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Discussion Starter #1
i used to be on this site, well, ALOT. But life happened and so i put the bow down for a couple of years. Happy to say that I am getting back in the game.

my question is kind of obscure I guess. But I have been noticing now more than previously in my indoor shooting efforts that I have become more ACTIVE. by that I mean that I used to think it was bad to help the release aid during the shot, and now i am using not only back muscles but hand and forearm muscles to move through the shot process. I have matured alot in this 2 year hiatus from archery and my shoot has definitely become more natural and consistent.

so, what is the opinion on activity during the shot process?
 

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A lot of very good shooters use hand and arm muscles in addition to back muscles to manipulate the release. I try to think of my fingers as just hooks and execute with only back muscles, but to do that I have to set my release with very little travel.

In general I think that most are holding with the back, but executing with hand and arm.

It's tough to see with the better shooters. With most of them, it looks like they are just standing there and it goes off without any movement of hand or arm.

It may be that most of them don't consciously know what they are doing. Everything is at a subconscious level.
 

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I agree with AllenRead. I like to keep a consistant grip and the same tension in my hand (maybe a VERY sssslllliiiiiggghhhhht relaxation of the hand after anchoring), and only move my back muscles to make the shot go off. But I have the release set really hot too! :wink:

Lien2
 

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Discussion Starter #4
thanks!

i understand the subconscious aspect of archery, and how most things should happen w/o thinking about it.

just looking for thoughts and opinions on movement/activity during the shot
 

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I don't think that there are any hard and fast rules for the amount of movement or activity during execution. It just has to be smooth & even with no hesitation.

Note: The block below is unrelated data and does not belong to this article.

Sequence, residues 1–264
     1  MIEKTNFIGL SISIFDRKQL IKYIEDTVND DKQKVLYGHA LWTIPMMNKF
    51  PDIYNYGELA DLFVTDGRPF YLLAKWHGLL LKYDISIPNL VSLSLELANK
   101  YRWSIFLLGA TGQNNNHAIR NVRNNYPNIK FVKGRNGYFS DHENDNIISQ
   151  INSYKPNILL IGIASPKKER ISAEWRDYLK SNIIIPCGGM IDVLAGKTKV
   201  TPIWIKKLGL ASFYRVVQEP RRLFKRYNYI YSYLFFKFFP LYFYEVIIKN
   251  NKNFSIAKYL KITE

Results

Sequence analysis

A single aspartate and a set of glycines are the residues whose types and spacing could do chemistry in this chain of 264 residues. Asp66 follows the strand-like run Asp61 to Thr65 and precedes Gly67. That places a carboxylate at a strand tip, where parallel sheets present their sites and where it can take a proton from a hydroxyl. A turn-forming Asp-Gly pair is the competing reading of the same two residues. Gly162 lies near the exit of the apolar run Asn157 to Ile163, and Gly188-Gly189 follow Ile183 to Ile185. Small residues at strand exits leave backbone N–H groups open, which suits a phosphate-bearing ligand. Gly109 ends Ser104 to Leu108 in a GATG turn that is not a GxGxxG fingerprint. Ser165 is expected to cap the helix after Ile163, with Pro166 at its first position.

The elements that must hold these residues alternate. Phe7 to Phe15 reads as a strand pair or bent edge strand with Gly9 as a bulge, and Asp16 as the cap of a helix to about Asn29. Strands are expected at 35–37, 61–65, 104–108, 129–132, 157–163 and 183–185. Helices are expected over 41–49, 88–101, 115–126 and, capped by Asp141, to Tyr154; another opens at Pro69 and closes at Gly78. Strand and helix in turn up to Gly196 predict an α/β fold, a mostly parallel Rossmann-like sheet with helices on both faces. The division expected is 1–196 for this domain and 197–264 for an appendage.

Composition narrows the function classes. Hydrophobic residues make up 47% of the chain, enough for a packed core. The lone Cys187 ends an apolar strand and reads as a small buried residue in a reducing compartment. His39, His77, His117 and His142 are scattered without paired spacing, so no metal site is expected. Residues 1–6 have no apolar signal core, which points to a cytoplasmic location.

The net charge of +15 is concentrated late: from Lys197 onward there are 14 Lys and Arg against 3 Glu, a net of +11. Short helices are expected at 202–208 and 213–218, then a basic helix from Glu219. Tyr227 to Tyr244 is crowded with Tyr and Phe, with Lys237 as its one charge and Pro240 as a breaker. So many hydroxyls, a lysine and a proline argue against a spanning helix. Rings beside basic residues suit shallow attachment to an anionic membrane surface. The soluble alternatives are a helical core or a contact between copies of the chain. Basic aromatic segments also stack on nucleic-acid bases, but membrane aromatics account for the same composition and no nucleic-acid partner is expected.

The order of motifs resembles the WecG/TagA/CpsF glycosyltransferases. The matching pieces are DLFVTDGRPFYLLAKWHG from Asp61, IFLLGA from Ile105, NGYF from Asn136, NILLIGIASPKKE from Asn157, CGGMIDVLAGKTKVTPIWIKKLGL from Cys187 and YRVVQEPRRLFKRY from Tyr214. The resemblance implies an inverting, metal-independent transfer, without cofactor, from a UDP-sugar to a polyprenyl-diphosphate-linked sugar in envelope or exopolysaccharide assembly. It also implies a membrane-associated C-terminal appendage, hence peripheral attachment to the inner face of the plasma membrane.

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After watching the Vegas 2009 shootoff I was amazed at the different shooting styles. Can't think of the guys name but he won and had the most herky jerky style of anyone in my opinion. Now how could I possibly tell him he was doing something wrong?
 

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Discussion Starter #8
good point, i am shooting fairly well right now so i would have to say that it cant be that bad of a thing. Just curious to see what the overall outlook on this matter is here on AT.
 

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After watching the Vegas 2009 shootoff I was amazed at the different shooting styles. Can't think of the guys name but he won and had the most herky jerky style of anyone in my opinion. Now how could I possibly tell him he was doing something wrong?
His name is Reo Wilde, and he is a GREAT shooter
 

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Hi PSE,

I too have taken a long break from shooting - once for close to I dunno ... 5-8 years, and recently for about a year.

Like you, I too was like REALLY ACTIVE on here in the past. Nowadays, I feel like a stranger in a foreign land. LOL!

What I do remember, having gone through commanding, and using back muscles only (forearm and release hand, especially, were soft as in at full draw, you could flop my release hand fingertips around simply by flicking them lightly) is that the main difference is how much a shooter can be in control of muscle tension all through out a tourney or round.

The argument for relaxation (not using shoulder and arm muscles) and using the back muslces more is two fold: muscle twitch and consistent control under mental and physical fatigue. Which approach would require less effort and offer more control/consistency in the long run kinda thing.

If you want to get into the physiology of it, read the book 'Arachery Anatomy' by Ray Axford. It's old, but it covers the basics of what happens inside the body before, during and after a shot, and with different body types and techniques.

CHEERS!
 
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